Social Engineering - Breaking the Brain

Join security researcher Dan Dixon in an exploration of the brains inherent vulnerabilities in the context of social engineering your way to a target.

Social Engineering - Breaking the Brain

Everybody knows that our brain is one of the most essential  organs in our bodies, capable of a wide range of mental dexterity, but what most people do not know is that baked into the brains processes are clear cut vulnerabilities. Now these vulnerabilities didn't just come out of nowhere, in this installment, we're going to take a look at the core psychological principles which underpin social engineering.


Imagine you're on a mission and need to get past security on the 3rd floor to reach your target. You put on your confident outlook and begin to walk straight up to the guard, intending to sweet talk your way past. You envision in your head a stellar poker face, with no signs whatsoever of 'I know I'm not supposed to be here'.

All this was for nothing though, just like your mother used to say "the look on your face says it all" and the guard has been trained to spot it those looks.

Everyone knows what facial expressions are, they're the vital component in non-verbal communication. However, to a trained eye, there's a lot more going on with facial expression than you might expect. Micro-expressions are involuntary movements made by the muscles controlling your facial expressions when when under fear or stress. As the name tends to suggest, these expressions are tiny, and thanks to their rapid nature, only last for a fraction of a second (somewhere between 1/15 and 1/25 to be exact) .These micro-expressions play a normal role in normal expressions and are a factor towards the difficulty in replicating the associated non-verbal communication that tends to particular emotions.

Sadness is a particularly hard one to replicate.

Micro-expressions are a double-edged sword when it comes to Social Engineering: as it can make reading the emotions of targets a lot easier, but by the same token it also makes replication the very same emotions a lot more difficult.


So, the first engagement didn't go so well, did it? Well, armed with your new knowledge, you embark on the second, this time having mastered micro-expressions. You need to figure out where the main server room is located, so you strike up a conversation with one of the employees. Your plan is soon foiled though as your attempt to gain a bond with this employee, backfires and you have made them dislike you (maybe complaining about start-up tech companies was a bad idea whilst talking to the employee of a start-up tech company?).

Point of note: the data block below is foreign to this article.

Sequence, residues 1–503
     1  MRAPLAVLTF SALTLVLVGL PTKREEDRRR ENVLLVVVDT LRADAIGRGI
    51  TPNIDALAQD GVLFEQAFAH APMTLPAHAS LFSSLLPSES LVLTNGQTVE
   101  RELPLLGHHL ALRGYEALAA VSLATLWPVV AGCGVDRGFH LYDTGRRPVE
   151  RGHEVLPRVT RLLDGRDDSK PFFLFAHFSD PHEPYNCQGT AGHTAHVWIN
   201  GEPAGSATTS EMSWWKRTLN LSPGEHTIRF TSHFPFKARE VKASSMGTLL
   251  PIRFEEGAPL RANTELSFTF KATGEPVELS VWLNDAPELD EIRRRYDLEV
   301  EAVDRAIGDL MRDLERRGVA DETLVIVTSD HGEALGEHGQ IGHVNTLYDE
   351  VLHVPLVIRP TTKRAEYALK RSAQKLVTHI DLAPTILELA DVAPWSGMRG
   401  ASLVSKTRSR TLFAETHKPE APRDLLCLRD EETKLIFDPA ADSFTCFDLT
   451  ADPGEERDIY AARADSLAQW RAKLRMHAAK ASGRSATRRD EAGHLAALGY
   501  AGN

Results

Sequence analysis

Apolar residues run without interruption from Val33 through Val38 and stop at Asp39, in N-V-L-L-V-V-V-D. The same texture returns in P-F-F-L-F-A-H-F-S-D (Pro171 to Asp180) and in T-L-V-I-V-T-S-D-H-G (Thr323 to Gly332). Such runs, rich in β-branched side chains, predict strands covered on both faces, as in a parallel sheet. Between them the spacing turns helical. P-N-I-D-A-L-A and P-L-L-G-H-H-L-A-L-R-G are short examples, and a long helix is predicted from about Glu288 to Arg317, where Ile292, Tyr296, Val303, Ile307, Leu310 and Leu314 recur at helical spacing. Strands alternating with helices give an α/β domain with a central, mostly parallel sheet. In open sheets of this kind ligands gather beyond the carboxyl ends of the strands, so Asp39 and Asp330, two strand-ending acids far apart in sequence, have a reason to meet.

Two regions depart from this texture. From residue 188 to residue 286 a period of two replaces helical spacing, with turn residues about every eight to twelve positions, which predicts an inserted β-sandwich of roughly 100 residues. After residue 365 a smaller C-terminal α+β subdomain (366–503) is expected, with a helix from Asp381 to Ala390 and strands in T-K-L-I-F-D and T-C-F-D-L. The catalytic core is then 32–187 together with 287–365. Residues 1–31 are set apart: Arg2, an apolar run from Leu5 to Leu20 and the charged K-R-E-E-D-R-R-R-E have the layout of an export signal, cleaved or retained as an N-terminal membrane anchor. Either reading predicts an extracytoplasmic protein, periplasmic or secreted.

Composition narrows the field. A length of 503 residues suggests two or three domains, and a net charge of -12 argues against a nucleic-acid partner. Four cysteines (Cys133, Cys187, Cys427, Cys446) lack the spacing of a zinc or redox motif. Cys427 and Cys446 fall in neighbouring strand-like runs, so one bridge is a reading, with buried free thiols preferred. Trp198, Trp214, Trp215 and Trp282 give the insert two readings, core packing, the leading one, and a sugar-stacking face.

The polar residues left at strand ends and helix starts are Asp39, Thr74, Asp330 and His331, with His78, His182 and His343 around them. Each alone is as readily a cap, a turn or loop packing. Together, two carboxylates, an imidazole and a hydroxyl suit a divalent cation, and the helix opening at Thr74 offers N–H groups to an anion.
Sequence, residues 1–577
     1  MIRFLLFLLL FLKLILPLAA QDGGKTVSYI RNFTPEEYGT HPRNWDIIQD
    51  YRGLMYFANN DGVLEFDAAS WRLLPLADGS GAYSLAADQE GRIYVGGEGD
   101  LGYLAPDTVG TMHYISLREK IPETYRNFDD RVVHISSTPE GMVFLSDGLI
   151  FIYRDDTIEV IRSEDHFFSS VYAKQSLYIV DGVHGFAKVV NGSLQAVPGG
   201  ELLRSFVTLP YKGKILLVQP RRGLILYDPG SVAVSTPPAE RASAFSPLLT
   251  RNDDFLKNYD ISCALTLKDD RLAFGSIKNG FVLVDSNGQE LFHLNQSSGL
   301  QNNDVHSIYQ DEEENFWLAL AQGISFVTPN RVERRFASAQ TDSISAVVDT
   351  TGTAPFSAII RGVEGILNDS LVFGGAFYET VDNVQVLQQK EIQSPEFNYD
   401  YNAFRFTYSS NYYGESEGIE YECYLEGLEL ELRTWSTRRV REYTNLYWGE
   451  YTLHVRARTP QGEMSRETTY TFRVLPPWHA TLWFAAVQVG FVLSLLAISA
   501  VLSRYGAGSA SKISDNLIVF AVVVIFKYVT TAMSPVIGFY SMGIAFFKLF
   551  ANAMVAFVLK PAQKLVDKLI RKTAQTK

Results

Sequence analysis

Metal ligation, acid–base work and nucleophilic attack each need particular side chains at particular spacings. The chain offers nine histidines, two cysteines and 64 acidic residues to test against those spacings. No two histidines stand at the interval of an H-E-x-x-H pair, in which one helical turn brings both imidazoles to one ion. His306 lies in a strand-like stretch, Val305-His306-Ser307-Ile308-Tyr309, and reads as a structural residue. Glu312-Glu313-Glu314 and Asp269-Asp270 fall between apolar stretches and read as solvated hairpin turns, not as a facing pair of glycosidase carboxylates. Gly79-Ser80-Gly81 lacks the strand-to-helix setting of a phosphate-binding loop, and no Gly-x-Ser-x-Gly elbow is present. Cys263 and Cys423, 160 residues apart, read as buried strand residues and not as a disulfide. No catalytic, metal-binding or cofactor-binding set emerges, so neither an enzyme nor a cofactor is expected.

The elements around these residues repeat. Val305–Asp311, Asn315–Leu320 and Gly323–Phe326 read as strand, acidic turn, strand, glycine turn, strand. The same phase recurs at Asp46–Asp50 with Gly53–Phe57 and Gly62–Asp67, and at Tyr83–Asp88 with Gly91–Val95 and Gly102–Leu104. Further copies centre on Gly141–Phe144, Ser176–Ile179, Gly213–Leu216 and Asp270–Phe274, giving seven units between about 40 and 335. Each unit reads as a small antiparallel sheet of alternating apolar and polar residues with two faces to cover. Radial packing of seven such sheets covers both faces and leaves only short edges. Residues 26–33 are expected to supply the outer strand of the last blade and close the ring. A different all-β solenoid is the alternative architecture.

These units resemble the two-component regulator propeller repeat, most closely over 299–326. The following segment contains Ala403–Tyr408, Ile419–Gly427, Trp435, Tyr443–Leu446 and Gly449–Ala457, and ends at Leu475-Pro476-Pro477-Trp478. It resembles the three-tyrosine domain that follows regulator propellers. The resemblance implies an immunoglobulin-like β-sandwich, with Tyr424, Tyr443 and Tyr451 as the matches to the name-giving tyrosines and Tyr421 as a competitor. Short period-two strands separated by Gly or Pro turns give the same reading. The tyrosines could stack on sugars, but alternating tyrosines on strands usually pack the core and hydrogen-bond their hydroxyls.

When trying to obtain information out of a target, a mutual relationship has to be present. They're not just going to hand out their company secrets to anyone (or if they did, they should probably be replaced very quickly). This is where rapport comes in. Rapport is a way of quickly building a relationship with someone, mimicking one of a genuine friend in only a fraction of the time by playing into the targets personality. Let me explain. To quickly build up a relationship with someone, you have to be the person that they like - it's no good trying to build a relationship with a vegan if you're a hunter. By playing to the targets personality, the timescale for building said relationship is decreased.

An amazing way to tailor your outward looking appearance to the target is to tend to their VAK learning style. VAK, which stands for Visual, Auditory and Kinesthetic, is the way in which the brain best takes in information: Visual thinkers learn best by seeing things; Auditory by hearing them; and Kinesthetic by doing them, or interacting with them. By determining this learning style and then altering your communicative methods to suite it, you can further create a bond with the person.

However, just asking the target what style of thinking they possess can be quite off-putting, and I have an even better method.When first engaging with the target, hold an object that possesses trait from all 3 learning styles - my choice is a silver retractable ballpoint pen - and then use this object to target the learning styles. Using my pen as the example, use it to shine a reflection of light, click it a couple of times, fiddle around with it. By gauging which action they respond the most with, it is possible to determine the learning style and adapt from there.

Real World (ish) Examples

For an example of micro-expressions, look no further than a mirror.


No takers? Okay then. For a serious example, the FOX series 'Lie to Me' is a great starting point. 'Lie to Me' is  a TV show based on the research of Dr. Paul Ekman, the leading researcher of emotions and expressions. Dr. Ekman proof-read the script of every episode to ensure that the contents were as accurate to the real world as possible. The actors also ensured that every expression, even down to the micro, was fully replicated. Here's the opening scene from the pilot episode, if you don't want to watch the full series:

The opening scene to 'Lie to Me'

For rapport, the best real world example where you'd be interacting that I can give is just to wait for your next spam call. Seriously, listen to what they're saying to you, how they're saying it and how easily their 'personality' changes. They might be reading off of a script, but boy does that script go out of the window on a regular basis.


  • Micro-expressions - Perfect for reading someone, key to changing your personality.
  • Rapport - Building a relationship. Play to the personality of the target.

And that's it. I'll be working on the next installment already by the time you read this, and hopefully there should be some fun things like transcripts in there as well. We'll be going over a lot more real life examples and analyzing what makes them tick. Till next time. ^C

The awesome artwork used in this article is called BrainBox and it was created by 7gone.